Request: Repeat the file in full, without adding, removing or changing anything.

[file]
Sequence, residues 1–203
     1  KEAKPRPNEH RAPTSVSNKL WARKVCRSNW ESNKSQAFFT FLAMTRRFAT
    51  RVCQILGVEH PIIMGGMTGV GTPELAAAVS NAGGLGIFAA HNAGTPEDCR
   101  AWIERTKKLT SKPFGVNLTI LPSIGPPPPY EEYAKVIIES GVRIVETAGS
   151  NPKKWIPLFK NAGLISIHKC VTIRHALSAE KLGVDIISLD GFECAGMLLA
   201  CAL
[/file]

Sequence, residues 1–203
     1  KEAKPRPNEH RAPTSVSNKL WARKVCRSNW ESNKSQAFFT FLAMTRRFAT
    51  RVCQILGVEH PIIMGGMTGV GTPELAAAVS NAGGLGIFAA HNAGTPEDCR
   101  AWIERTKKLT SKPFGVNLTI LPSIGPPPPY EEYAKVIIES GVRIVETAGS
   151  NPKKWIPLFK NAGLISIHKC VTIRHALSAE KLGVDIISLD GFECAGMLLA
   201  CAL